One of the basic insights of behavioral science is that the format of a choice set—how the options are arranged on a page—can significantly shape our decisions. This is true when ordering a meal at a restaurant, but also at the ballot box, as the design of a paper ballot can influence which candidates we end up voting for.
For example, studies led by Jon Krosnick at Stanford University have shown that candidates at the top of the ballot get, on average, about 2 percentage points more votes than they would have if listed farther down. This primacy effect even holds in national elections, when voters are more familiar with the candidates. When the name order of candidates was randomized on the California state ballot in the 2000 election, George W. Bush’s vote total was 9 percentage points higher in districts where his name appeared first versus last, Krosnick says. To deal with this bias, many states have begun randomizing the order of candidates, taking steps to ensure that a cognitive quirk doesn’t determine the winner of the election.
In recent years, however, the paper ballot has begun to be replaced by the touchscreen, with approximately 30 percent of U.S. voters using some sort of electronic device to choose their preferred candidate. While this transition has real advantages—there are no “hanging chads” in voting machines—it also comes with potential downsides, such as vulnerability to hackers and malware.
As a behavioral economist, I’m interested in how the simple act of voting on a screen (and not on paper) might shift our political preferences. Although we typically assume that our desires and choices are unaffected by technology—we’ll pick the same things regardless of whether we’re in a retail store or on a website—there’s preliminary evidence that these digital devices might be shifting the patterns of our behavior, altering how we process information and make decisions in all sorts of subtle and interesting ways.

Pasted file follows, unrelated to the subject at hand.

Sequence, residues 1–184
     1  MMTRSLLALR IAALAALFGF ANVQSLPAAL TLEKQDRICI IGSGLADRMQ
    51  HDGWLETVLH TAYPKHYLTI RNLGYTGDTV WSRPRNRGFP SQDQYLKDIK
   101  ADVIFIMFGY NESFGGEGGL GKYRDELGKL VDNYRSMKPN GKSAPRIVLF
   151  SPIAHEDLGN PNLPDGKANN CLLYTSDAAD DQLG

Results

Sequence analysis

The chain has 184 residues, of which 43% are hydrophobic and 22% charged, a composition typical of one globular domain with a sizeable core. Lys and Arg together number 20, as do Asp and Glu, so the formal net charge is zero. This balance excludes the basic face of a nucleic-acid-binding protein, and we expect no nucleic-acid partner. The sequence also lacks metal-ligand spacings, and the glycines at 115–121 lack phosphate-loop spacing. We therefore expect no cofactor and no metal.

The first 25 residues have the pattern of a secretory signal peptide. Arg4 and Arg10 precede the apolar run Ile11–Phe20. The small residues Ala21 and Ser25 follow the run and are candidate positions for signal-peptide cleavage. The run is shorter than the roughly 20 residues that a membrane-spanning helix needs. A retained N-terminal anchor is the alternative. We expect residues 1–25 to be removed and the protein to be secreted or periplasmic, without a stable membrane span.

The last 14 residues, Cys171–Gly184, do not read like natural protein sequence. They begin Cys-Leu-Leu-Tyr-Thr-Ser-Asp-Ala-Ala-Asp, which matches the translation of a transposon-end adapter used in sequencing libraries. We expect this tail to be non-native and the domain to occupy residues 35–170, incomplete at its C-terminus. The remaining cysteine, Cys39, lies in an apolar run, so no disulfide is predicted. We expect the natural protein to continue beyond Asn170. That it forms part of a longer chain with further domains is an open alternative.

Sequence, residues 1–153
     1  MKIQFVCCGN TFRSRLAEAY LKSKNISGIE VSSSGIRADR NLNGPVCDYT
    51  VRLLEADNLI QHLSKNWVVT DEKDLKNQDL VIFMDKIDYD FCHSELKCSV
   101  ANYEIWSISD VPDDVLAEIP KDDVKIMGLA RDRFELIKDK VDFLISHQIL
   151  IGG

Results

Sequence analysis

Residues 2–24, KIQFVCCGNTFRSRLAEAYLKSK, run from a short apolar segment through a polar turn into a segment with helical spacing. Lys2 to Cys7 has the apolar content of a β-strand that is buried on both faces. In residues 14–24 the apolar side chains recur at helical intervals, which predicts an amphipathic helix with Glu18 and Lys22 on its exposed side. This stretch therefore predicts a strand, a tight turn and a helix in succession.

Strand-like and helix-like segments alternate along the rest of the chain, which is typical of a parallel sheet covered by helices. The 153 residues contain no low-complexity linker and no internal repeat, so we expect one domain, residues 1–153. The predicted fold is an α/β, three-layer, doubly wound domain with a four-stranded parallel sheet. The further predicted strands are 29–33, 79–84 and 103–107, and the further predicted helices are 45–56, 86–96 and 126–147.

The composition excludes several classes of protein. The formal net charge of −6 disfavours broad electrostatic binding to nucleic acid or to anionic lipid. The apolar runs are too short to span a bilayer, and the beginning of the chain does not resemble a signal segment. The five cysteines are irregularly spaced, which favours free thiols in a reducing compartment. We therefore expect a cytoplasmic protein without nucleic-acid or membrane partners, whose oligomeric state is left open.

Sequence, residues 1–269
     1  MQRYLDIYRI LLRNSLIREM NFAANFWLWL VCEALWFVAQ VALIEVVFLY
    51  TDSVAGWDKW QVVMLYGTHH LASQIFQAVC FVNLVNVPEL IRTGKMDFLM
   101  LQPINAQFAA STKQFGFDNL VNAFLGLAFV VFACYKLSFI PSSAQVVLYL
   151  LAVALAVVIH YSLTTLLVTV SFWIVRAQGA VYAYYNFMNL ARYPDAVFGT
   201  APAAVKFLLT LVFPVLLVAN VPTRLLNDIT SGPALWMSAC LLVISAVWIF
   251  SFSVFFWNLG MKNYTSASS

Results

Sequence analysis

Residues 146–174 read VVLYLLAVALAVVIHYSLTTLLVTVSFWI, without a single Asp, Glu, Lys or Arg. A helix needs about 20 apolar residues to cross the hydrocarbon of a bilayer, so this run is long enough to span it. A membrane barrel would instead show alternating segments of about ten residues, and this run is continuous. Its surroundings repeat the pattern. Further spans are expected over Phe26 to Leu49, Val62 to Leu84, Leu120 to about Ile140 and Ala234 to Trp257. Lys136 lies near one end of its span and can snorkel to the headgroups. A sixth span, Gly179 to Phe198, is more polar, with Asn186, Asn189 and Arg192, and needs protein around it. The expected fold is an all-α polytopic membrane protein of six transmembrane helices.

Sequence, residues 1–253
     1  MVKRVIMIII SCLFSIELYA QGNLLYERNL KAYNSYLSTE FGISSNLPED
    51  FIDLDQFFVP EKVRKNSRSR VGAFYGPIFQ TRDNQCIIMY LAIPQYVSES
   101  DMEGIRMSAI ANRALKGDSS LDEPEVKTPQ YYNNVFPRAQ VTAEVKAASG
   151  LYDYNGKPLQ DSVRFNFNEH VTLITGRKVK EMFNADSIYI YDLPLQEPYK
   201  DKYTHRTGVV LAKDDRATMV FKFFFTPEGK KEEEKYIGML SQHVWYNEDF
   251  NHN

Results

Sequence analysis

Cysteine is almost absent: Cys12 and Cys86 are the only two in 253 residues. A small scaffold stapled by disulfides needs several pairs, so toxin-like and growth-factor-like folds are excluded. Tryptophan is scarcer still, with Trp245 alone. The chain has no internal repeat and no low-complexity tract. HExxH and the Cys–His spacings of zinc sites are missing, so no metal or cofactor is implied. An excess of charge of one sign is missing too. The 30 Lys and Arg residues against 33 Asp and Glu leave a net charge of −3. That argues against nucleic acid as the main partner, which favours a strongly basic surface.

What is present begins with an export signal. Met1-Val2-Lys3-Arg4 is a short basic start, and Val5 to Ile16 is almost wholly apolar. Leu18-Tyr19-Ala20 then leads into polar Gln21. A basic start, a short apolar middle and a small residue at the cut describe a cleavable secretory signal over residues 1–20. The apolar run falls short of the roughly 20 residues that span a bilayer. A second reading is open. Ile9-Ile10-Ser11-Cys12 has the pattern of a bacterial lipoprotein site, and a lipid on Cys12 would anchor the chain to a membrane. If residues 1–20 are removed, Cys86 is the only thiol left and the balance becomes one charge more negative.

Just look at our pizza decisions. A team of scientists led by Avi Goldfarb recently analyzed more than 160,000 orders placed over four years at a North Carolina pizza chain. Because the chain introduced an online ordering system in the midst of the study period, the researchers were able to conduct a field experiment into how the introduction of technology changed the content of customer orders. According to the data, presented recently in the journal Management Science, online customers chose pizzas that were more complicated, expensive, and idiosyncratic, containing 33 percent more toppings, 20 percent more bacon, and 6 percent more calories. In terms of popularity, online pizza orders contained 9 percentage points fewer top-10 items.
What caused this shift? The scientists argue that people ordering pizza on a screen are more likely to express their true desires, since a screen (unlike a human cashier) won’t judge their selection. As a result, they order fewer traditional pizzas, leading to a far greater variety of pizza configurations. This is known as the online disinhibition effect and it applies in many different situations. It’s why we tend to be more honest when asked questions by machines and why digital pornography features more “exotic” content than its analog competition.